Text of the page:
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Terry Lane has an article in the recent Australian Book Review about freedom of speech in this country, which is something I’ve been thinking about lately.

There is no guarantee of freedom of speech in our constitution. In some cases the High Court has found an implied protection, ruling that as the constitution envisages the nation as a democracy, and as democracy cannot function if political argument is impeded, then the drafters of the constitution must have taken freedom of speech for granted. This is convenient eyewash.

The Australian constitution is derived, in part, from that of the United States. The American constitution says, in its first amendment, adopted in 1791, that: ‘Congress shall make no law respecting an establishment of religion, or prohibiting the free exercise thereof; or abridging the freedom of speech, or of the press; or the right of the people peaceably to assemble, and to petition the Government for a redress of grievances.’ Our constitution includes the prohibition of the establishment of a religion, so why did the drafting convention not take the first amendment in its entirety? Clearly they thought it was a revolutionary concept best left out.

Australia is, I am fairly certain, alone amongst Western nations in not having a bill of rights that outlines basic rights such as freedom of speech. Explaining this to foreigners is not just embarassing, like explaining why the Union Jack is on our flag – it’s downright dangerous. Lane outlines several minor but disturbing incidents:

Zanny Begg, an artist, had her outdoor exhibition Checkpoint for Weapons of Mass Distraction (2004), hosted by the University of Western Sydney and the Blacktown Arts Centre, shut down because some zealous minor council official, backed by the mayor, took exception to her anti-war message. This was much like the removal of the burned and tattered flag created by Melbourne artist Azlan McLennan, which he exhibited with the label Proudly UnAustralian (2006). When an unknown person complained, the police removed the offending item from the gallery.

And the most frustrating part is the attitude of most Australians about the issue. On the subject of flag-burning:

Jennifer says: ‘They should be stopped from doing it in a public place with children around … and have their own little flag-burning ceremonies [in] backyards. If it was to happen in a public place then they should be charged and made to apologise to the people they have offended … ’ There is something profoundly, obsequiously, stupidly Australian in that single sentence. You can say whatever you like about anything you like as long as no one can hear you and you don’t block the traffic. I am grateful to Gelber for confirming what I have long suspected.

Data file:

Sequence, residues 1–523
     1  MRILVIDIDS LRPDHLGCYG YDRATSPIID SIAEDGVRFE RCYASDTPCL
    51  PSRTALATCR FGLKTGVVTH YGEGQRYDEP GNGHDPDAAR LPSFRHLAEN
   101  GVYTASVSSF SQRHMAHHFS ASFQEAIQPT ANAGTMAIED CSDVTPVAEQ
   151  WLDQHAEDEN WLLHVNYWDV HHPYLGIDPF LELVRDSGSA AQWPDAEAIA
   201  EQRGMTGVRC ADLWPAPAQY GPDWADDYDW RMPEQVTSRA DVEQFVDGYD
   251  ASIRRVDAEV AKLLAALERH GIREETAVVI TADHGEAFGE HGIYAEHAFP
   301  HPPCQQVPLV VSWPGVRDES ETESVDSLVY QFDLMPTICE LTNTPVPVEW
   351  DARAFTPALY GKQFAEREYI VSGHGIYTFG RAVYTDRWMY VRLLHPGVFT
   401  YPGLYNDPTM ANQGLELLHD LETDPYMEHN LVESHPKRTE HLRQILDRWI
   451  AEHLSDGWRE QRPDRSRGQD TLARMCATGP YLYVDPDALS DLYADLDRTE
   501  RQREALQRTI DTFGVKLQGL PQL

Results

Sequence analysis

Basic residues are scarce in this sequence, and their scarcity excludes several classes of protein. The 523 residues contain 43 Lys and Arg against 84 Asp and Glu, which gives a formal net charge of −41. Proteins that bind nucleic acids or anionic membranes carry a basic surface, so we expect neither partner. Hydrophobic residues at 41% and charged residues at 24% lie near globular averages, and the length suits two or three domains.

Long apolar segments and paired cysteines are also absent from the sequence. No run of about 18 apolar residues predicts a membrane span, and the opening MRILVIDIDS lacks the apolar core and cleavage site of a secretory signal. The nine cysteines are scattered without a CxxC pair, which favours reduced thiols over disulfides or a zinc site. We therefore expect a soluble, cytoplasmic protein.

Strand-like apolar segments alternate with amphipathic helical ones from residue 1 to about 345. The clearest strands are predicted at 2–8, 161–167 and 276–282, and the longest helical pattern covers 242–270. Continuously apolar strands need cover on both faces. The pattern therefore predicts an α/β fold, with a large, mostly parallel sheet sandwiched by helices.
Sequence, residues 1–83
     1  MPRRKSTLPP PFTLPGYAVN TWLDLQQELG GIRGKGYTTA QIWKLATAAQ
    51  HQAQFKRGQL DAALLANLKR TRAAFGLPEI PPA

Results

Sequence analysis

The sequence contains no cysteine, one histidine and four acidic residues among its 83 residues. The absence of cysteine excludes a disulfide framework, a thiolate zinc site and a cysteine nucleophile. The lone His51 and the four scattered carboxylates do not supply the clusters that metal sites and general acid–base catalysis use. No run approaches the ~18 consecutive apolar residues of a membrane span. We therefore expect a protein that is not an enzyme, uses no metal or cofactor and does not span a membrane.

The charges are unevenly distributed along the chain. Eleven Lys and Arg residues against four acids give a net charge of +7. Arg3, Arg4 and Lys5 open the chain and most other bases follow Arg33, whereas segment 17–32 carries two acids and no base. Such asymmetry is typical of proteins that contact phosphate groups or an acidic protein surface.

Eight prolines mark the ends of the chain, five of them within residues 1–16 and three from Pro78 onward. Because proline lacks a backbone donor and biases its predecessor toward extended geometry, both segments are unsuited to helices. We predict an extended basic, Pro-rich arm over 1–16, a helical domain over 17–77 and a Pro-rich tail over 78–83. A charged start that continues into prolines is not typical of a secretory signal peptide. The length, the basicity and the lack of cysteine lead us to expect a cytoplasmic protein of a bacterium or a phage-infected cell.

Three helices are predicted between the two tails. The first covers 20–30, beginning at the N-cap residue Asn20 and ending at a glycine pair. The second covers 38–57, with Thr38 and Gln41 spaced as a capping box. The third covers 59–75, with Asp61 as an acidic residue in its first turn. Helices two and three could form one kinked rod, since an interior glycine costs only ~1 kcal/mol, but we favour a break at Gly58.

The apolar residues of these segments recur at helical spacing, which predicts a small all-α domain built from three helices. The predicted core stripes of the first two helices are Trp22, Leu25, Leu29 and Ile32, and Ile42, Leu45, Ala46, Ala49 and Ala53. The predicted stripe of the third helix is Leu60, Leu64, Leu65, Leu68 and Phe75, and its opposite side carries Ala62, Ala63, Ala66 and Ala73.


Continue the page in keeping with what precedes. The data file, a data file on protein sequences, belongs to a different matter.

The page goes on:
Beyond that is the idea held by many Australians that it really doesn’t matter – that as long as the government isn’t hauling you off the street in a black van, that as long as we’re better than China or North Korea, then you shouldn’t be whining about having your art installation removed from a gallery. This is related to a wider apathy about all things political (“why should I care if it doesn’t affect me?”) which annoys me immensely. The same people who say this would be outraged if it did affect them, and even more outraged if nobody else cared. Freedom is generally an abstract concept to people until they are deprived of it, no matter how minor that deprivation may be.

Glenn Greenwald explains why freedom of speech is important better than I can:

The whole point of the First Amendment is that one is free to express the most marginalized, repellent, provocative and offensive ideas. Those are the views that are always targeted for suppression. Mainstream orthodoxies, harmless ideas, and inoffensive platitudes require no protection as they are not, by definition, vulnerable to censorship. But as has been repeatedly seen in history, ideas that are despised and marginalized are often proven right, while ideas that enjoy the status of orthodoxy prove to be deeply erroneous or even evil. That’s why no rational person trusts the state — or even themselves — to create lists of Prohibited Ideas. And those who endorse the notion that ideas they hate should be forcibly suppressed inevitably — and deservedly — will have their own ideas eventually targeted by the same repressive instruments.

If you don’t believe in freedom of speech – if you believe that the government should be permitted and even encouraged to stifle views that you find offensive – then you don’t believe in freedom at all. Criminalising the expression of viewpoints is, morally, equivalent to criminalising thoughts and ideas. And the reason that many Australians don’t particularly care is reason enough to have this right encoded in law, rather than relying upon convention.

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April 2011